Why do Some Small Groups Die? An Autopsy of My Failed Group

My wife and I were once a part of a small group made up almost entirely of married couples. It was one of the most life-giving groups I have ever been a part of. We grew some great friendships in that group, many of whom we still keep in contact with today.

Sadly, like many small group experiences, ours eventually unraveled. We didn’t have any major conflicts or heated moments. It just sort of… faded.

Why? Well, there are perhaps a whole slew of reasons that our group didn’t last. But the biggest reason was one that I didn’t see until it was too late.

One night as our group was gathering at our friend’s home, one of the couples expressed that they felt our group had gotten big enough and they wanted to declare our group closed. “I just like our group the way it is,” one of our friends said. “If we let our group get any bigger, we’ll lose our sense of community.”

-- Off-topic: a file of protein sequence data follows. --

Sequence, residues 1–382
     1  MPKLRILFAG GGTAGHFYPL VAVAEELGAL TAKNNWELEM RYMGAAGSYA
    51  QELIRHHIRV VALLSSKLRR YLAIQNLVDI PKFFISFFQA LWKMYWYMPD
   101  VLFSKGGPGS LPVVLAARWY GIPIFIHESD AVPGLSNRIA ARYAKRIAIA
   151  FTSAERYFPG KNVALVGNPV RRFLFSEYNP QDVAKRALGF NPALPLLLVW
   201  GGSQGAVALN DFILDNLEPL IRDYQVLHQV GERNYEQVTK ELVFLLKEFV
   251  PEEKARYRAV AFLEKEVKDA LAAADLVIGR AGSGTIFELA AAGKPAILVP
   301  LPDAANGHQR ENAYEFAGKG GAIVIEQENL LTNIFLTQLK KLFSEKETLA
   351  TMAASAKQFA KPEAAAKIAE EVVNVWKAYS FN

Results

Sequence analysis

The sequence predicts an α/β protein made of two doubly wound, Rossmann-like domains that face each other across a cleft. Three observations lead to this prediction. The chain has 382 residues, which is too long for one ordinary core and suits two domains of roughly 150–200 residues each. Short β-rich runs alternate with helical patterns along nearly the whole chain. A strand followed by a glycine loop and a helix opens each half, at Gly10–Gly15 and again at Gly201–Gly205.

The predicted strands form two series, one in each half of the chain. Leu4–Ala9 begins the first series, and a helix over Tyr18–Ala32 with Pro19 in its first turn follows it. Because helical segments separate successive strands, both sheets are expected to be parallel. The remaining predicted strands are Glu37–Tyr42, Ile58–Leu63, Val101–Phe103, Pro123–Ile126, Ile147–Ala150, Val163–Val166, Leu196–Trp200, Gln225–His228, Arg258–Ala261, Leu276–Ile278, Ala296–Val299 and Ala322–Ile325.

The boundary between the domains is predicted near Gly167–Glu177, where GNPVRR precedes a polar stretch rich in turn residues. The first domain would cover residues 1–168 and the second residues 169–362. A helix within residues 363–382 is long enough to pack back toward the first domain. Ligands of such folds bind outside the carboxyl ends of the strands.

With that comment, I realized something detrimental had occurred in our little band of Christ followers. We had become internally focused.

Where had I gone wrong? I wondered. Was there anything I could have done to prevent this?

Over the following months we stopped seeing new people in our group gatherings. I wasn’t sure where we had lost our edge, but we definitely stopped being the sort of open group that we once were. We never did end up calling ourselves closed, but we might as well have.

The funny thing about this is that if you asked anybody in our group if we were welcoming, they would have said yes. For sure! Without-a-doubt.

But I began to hear people describe our group as a clique and I didn’t know why. Something changed in our group that made us inaccessible to people who didn’t already have a relational “in.” It became difficult for outsiders to become insiders.

We thought we were friendly, accepting, and inviting, but it wasn’t the case. Our problem was not about what happened when we were together. It was about what happened “out there.” It was found between the lines in our conversations. It was found in our silence when we could have invited people to join us in our Tuesday night group, but didn’t. It was in our assumption that those were “church people” and didn’t need our group. And it was in our desire to protect our group’s chemistry at the expense of people who would have loved to be a part of our journey.